• extreme drowsiness, falling asleep suddenly, even after feeling alert;
  • tremors, twitching or uncontrollable muscle movements;
  • unexplained muscle pain, tenderness, or weakness;
  • vision problems; or
  • posture changes you cannot control, such as involuntary bending forward of your neck, bending forward at the waist, or tilting sideways when you sit, stand, or walk.

Side effects such as confusion or hallucinations may be more likely in older adults.

You may have increased sexual urges, unusual urges to gamble, or other intense urges while taking this medicine. Talk with your doctor if this occurs.

Common side effects may include:

  • muscle spasm or muscle weakness;
  • drowsiness, dizziness, weakness;
  • confusion, memory problems;
  • dry mouth;
  • nausea, constipation;
  • increased urination; or
  • sleep problems (insomnia), unusual dreams.

This is not a complete list of side effects and others may occur. Call your doctor for medical advice about side effects. You may report side effects to FDA at 1-800-FDA-1088.

Read the entire detailed patient monograph for Mirapex (Pramipexole)

SLIDESHOW

Sleep Disorders: Insomnia, Sleep Apnea, and More See Slideshow
Mirapex Professional Information

SIDE EFFECTS

The following adverse reactions are discussed in greater detail in other sections of the labeling:

  • Falling Asleep During Activities of Daily Living and Somnolence [see WARNINGS AND PRECAUTIONS].
  • Symptomatic Orthostatic Hypotension [see WARNINGS AND PRECAUTIONS].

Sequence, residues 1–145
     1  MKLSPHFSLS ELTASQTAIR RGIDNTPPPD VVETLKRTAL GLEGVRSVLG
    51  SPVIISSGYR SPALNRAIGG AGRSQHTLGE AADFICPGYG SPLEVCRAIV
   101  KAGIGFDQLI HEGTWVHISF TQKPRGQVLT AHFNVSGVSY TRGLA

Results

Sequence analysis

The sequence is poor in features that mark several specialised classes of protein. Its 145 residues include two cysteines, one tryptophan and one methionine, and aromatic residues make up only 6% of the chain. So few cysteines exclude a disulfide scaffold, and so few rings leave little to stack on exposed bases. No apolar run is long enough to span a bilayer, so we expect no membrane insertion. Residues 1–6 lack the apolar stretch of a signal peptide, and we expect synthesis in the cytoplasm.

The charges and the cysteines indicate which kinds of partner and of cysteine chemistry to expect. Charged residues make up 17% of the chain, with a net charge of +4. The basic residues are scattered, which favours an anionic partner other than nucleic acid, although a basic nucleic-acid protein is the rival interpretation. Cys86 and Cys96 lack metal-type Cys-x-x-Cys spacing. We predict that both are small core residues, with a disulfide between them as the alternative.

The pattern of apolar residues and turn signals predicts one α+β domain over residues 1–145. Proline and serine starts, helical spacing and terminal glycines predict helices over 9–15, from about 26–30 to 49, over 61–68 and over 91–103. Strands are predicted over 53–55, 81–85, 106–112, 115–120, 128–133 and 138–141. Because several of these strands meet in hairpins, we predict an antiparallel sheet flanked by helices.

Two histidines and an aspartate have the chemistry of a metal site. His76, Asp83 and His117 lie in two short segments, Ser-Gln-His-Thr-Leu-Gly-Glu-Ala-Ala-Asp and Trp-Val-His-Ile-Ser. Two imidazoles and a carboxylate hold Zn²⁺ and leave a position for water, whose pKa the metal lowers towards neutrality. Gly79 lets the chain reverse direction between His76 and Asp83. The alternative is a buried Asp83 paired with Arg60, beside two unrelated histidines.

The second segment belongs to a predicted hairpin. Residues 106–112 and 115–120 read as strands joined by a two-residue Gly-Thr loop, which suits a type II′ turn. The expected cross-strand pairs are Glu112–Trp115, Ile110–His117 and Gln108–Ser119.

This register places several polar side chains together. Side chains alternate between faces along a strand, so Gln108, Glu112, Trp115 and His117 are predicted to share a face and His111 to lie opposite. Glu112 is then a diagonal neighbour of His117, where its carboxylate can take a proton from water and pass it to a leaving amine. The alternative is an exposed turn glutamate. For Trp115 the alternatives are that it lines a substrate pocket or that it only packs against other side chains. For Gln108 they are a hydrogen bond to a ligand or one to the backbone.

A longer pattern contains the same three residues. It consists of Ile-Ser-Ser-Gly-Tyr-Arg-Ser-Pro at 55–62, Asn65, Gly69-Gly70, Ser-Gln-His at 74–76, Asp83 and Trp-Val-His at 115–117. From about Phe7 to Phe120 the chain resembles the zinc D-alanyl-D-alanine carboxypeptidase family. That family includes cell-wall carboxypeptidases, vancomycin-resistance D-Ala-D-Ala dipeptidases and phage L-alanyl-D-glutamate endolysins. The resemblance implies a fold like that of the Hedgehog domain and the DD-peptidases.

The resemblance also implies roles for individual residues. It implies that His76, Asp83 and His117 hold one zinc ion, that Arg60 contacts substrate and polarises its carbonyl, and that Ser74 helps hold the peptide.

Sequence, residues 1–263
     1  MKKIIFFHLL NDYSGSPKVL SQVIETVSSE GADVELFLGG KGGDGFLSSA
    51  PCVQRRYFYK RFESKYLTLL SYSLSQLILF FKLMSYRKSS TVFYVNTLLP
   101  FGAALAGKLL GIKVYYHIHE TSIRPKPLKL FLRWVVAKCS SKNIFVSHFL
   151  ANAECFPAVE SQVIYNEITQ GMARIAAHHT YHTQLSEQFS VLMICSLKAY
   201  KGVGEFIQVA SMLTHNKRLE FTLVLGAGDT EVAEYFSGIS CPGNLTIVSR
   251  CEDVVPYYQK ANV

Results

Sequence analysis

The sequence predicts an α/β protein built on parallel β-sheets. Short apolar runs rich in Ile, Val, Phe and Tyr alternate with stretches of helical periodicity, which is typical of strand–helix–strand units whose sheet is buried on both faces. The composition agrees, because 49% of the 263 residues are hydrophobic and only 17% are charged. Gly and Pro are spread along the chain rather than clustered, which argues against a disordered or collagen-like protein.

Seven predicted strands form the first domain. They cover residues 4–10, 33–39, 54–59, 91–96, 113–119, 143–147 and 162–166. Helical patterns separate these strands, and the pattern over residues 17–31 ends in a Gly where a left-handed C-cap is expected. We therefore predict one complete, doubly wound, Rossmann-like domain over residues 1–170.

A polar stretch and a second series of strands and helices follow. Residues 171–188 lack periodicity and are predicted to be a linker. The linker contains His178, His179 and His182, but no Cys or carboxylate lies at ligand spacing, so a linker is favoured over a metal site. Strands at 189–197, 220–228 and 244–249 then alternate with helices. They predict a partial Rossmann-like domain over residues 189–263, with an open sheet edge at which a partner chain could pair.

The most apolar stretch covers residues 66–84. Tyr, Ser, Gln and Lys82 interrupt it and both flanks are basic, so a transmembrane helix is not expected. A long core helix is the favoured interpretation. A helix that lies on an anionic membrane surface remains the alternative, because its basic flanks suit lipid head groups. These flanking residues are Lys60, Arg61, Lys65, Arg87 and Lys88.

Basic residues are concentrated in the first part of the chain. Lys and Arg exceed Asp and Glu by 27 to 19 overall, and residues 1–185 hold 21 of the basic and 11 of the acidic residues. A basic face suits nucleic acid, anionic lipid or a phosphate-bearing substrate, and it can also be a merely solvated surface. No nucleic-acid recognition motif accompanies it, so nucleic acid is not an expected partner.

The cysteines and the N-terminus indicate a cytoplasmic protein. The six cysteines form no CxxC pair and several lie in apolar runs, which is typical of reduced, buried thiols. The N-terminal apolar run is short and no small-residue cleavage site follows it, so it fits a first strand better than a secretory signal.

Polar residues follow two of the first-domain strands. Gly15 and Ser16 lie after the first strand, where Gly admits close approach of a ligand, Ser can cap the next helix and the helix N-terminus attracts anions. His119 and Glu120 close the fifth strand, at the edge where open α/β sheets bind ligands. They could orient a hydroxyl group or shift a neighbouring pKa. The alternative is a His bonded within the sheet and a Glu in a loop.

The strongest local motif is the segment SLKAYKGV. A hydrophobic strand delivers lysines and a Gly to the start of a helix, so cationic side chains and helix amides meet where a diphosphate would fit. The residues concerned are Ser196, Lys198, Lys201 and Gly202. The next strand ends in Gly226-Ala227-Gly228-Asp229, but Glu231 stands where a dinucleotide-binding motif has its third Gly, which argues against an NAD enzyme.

• Impulse Control/Compulsive Behaviors [see WARNINGS AND PRECAUTIONS].
  • Hallucinations and Psychotic-like Behavior [see WARNINGS AND PRECAUTIONS].
  • Dyskinesia [see WARNINGS AND PRECAUTIONS].
  • Postural Deformity [see WARNINGS AND PRECAUTIONS].
  • Rhabdomyolysis [see WARNINGS AND PRECAUTIONS].
  • Retinal Pathology [see WARNINGS AND PRECAUTIONS].
  • Events Reported with Dopaminergic Therapy [see WARNINGS AND PRECAUTIONS].

Clinical Trials Experience

Because clinical trials are conducted under widely varying conditions, adverse reaction rates observed in the clinical trials of a drug cannot be directly compared to rates in the clinical trials of another drug and may not reflect the rates observed in clinical practice.

Parkinson's Disease

During the premarketing development of pramipexole, patients with either early or advanced Parkinson's disease were enrolled in clinical trials. Apart from the severity and duration of their disease, the two populations differed in their use of concomitant levodopa therapy. Patients with early disease did not receive concomitant levodopa therapy during treatment with pramipexole; those with advanced Parkinson's disease all received concomitant levodopa treatment. Because these two populations may have differential risks for various adverse reactions, this section will, in general, present adverse-reaction data for these two populations separately.

Because the controlled trials performed during premarketing development all used a titration design, with a resultant confounding of time and dose, it was impossible to adequately evaluate the effects of dose on the incidence of adverse reactions.

Early Parkinson's Disease